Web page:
Offering oranges to the Gods is a way to ask for good fortune and money.
Fruits, sweets, incense, animals, paper money and even gold are amongst the goods offered to the gods throughout history.
Every religion has its own types of offering and the item offered may relate to a particular prayer or religious occasion. Sometimes, the person making the offering hopes for a prayer to be answered, such as asking for a sick loved one to be healed. Other times, the offering may be to give thanks or celebrate a special time of year!
In Asia oranges are given to the gods as a prayer for good fortune and lots of money.
Especially during Chinese New Year, people make offerings of oranges. The time of year signals a new beginning and Asian people wish for luck and wealth to come their way in the coming year. Orange trees or smaller kumquat trees are placed in people’s doorways to encourage fortune. Gifts of oranges are traditionally given to friends and business partners on the second day of the Chinese New Year, to remember an Emperor who gave oranges to his staff long ago on that very same day.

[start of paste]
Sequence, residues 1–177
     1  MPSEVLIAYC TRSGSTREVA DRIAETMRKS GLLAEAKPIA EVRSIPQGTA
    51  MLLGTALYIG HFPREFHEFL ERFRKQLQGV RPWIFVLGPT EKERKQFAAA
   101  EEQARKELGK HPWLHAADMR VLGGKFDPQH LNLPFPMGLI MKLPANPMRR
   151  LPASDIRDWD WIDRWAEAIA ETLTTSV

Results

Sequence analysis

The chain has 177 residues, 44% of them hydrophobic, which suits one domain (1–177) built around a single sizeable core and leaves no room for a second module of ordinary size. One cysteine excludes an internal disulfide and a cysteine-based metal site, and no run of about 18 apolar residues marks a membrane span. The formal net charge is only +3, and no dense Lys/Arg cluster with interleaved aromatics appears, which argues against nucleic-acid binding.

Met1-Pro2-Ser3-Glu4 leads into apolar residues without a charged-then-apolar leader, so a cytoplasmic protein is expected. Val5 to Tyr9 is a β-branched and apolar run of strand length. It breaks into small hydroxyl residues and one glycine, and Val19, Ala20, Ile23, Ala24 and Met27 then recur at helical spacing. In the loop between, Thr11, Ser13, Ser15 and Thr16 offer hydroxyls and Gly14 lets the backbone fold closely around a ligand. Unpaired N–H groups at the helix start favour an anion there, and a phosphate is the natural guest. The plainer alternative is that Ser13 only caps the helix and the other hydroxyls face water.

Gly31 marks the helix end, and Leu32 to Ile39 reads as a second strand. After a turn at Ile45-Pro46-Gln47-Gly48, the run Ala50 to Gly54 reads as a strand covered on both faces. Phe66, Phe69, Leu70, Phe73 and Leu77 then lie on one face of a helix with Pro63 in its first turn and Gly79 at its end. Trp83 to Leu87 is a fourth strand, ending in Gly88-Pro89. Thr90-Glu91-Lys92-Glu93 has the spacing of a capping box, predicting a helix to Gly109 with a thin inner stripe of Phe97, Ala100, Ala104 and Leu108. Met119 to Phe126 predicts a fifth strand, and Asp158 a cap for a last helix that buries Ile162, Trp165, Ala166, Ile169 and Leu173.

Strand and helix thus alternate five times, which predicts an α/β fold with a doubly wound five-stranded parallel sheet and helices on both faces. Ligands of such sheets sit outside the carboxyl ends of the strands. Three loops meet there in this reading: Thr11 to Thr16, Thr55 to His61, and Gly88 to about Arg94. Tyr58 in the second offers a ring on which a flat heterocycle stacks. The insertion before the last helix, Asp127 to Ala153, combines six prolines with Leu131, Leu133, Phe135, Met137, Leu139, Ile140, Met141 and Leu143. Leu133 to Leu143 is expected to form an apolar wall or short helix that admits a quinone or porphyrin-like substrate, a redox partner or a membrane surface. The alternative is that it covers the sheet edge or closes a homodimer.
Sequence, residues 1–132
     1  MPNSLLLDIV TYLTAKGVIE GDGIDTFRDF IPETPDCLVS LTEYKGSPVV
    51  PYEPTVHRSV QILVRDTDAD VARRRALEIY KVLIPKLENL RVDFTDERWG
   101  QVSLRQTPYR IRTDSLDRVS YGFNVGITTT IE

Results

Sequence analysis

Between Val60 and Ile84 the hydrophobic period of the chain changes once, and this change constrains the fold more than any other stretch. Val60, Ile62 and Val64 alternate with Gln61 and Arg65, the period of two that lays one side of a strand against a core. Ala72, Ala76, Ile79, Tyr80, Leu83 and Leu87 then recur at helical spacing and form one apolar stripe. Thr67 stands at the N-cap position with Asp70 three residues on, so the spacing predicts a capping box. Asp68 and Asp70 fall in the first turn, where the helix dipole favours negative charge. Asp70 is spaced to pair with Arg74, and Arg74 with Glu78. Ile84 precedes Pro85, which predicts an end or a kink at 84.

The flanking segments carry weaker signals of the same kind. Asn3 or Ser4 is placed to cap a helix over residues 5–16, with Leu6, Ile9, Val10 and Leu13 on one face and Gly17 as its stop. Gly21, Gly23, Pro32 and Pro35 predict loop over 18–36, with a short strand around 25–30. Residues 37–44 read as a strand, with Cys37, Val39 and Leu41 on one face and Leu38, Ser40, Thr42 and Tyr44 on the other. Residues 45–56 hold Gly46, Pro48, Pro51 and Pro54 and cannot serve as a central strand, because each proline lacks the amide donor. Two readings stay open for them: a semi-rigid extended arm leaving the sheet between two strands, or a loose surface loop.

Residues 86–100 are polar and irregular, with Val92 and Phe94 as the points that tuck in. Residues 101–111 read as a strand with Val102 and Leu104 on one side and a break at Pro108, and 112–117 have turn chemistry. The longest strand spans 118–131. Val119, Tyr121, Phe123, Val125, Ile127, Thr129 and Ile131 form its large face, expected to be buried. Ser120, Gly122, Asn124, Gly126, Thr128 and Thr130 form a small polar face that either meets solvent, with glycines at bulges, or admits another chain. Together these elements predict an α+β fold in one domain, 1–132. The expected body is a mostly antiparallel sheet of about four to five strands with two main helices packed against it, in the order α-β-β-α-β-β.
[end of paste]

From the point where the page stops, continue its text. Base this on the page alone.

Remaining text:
The meaning of food offerings
In China offerings are often chosen because of the similarity of a food’s name to things people wish for or because some foods have a symbolic meaning. Here are a few examples: The Apple stands for wisdom and peace, a banana for success in school, noodles (uncut) stand for a long live, meat balls for reunion, onions for cleverness or sweets for safety. Do some research so you can bring the right foods next time you go to a temple.
The color of monks
Buddhist and Hindi monks are dressed in bright orange (actually saffron) robes. In Buddhism orange is the color of enlightenment — the ultimate goal of all religious practice. The Buddha has chosen this color for all his followers. In Hinduism it was the divinity Krishna who first wore orange and those who follow his teachings dress like him.
By Deborah L. Caine (Whyzz writer)